See the unusual way cancer cells spread

Scientists have discovered that cancer's surface proteins help it survive and move around the body.

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See the unusual way cancer cells spread

In many ways, the biggest problem with fighting cancer is containing it: you may kill the main tumor site, but there's a real chance that it'll spread and reemerge as a threat. At last, though, scientists have a better understanding of how that migration happens. British researchers have learned that cancer cells invoke an unusual survival mechanism when they start to float through the body. Proteins on the cell surface (integrins) switch from their usual role, adhesion, to internal signalling that has the rest of the cell protect itself against death. The cancer is steeling itself for the journey, in other words.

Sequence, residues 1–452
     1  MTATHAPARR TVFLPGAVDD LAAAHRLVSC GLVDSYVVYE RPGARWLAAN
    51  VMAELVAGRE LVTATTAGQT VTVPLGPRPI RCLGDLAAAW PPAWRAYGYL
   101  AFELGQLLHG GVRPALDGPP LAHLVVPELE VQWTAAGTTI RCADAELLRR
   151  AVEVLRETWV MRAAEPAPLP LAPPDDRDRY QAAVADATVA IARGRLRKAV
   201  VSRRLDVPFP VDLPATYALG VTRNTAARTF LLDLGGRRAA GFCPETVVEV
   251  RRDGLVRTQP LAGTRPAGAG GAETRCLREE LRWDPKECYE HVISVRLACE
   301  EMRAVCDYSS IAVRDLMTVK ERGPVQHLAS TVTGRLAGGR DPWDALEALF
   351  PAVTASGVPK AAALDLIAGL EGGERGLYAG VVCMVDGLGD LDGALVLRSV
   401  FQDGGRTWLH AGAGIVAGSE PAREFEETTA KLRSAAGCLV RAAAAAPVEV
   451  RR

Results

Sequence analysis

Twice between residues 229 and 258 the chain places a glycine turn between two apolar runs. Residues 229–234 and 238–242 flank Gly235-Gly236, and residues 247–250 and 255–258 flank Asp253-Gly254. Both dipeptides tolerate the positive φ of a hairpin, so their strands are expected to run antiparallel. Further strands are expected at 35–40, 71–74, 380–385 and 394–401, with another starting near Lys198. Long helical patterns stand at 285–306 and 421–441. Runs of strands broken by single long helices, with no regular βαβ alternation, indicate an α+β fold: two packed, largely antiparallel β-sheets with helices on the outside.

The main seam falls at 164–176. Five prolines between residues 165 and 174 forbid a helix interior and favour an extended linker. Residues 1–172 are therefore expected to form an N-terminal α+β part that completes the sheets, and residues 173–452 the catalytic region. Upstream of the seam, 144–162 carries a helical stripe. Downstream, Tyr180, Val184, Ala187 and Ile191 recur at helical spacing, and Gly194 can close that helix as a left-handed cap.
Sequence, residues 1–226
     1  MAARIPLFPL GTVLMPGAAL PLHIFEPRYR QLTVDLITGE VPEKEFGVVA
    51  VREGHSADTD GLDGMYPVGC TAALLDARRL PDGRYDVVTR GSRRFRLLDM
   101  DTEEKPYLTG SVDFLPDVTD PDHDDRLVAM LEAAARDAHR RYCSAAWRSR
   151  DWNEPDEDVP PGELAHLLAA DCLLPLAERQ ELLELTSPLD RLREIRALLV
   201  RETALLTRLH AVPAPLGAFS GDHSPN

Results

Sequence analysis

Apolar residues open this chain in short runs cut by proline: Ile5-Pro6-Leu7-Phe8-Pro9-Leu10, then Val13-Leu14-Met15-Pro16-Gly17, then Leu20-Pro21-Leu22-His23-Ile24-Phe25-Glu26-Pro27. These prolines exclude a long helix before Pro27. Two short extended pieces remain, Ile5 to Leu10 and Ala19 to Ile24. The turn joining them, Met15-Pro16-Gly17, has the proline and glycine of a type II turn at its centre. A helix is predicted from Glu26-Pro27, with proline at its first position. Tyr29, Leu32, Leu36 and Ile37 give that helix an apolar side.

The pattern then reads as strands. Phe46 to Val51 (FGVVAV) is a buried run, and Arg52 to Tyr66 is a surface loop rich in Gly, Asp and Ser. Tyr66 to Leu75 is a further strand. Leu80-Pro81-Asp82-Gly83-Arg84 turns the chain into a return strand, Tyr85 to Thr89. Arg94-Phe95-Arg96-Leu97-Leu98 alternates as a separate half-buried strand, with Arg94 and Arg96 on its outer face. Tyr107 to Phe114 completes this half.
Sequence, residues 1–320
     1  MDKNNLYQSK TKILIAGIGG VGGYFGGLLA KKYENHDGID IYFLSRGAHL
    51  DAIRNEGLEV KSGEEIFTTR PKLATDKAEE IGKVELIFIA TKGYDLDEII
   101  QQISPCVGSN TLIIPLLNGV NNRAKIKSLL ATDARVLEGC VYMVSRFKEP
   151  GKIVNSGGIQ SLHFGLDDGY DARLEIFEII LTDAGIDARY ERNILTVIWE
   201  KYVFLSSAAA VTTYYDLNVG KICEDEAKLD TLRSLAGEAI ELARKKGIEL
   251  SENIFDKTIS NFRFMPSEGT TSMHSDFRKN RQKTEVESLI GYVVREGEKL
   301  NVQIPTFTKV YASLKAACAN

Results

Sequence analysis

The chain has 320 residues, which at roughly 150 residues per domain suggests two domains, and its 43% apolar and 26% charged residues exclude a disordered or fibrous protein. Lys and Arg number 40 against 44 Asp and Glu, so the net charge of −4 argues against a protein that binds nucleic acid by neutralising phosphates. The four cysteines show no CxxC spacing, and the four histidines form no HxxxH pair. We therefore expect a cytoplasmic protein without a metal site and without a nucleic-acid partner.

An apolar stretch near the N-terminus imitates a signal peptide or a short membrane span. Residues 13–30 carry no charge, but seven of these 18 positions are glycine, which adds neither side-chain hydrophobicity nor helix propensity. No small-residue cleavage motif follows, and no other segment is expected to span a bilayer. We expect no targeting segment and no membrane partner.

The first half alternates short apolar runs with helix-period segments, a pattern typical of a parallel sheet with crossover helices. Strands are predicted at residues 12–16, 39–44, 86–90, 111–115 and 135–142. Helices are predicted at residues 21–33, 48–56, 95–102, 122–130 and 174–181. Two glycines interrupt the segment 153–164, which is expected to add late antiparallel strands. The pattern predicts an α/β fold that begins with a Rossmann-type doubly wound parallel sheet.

The findings could prompt a major change in how doctors treat at least some forms of cancer. Current treatments targeting those proteins try to block the adhesion -- it may be smarter to prevent those proteins from entering the cell, stopping the trip entirely. Much more research is necessary to make that happen (studies have revolved around zebrafish so far, for example), but there's already hope of stopping tumors in their tracks.

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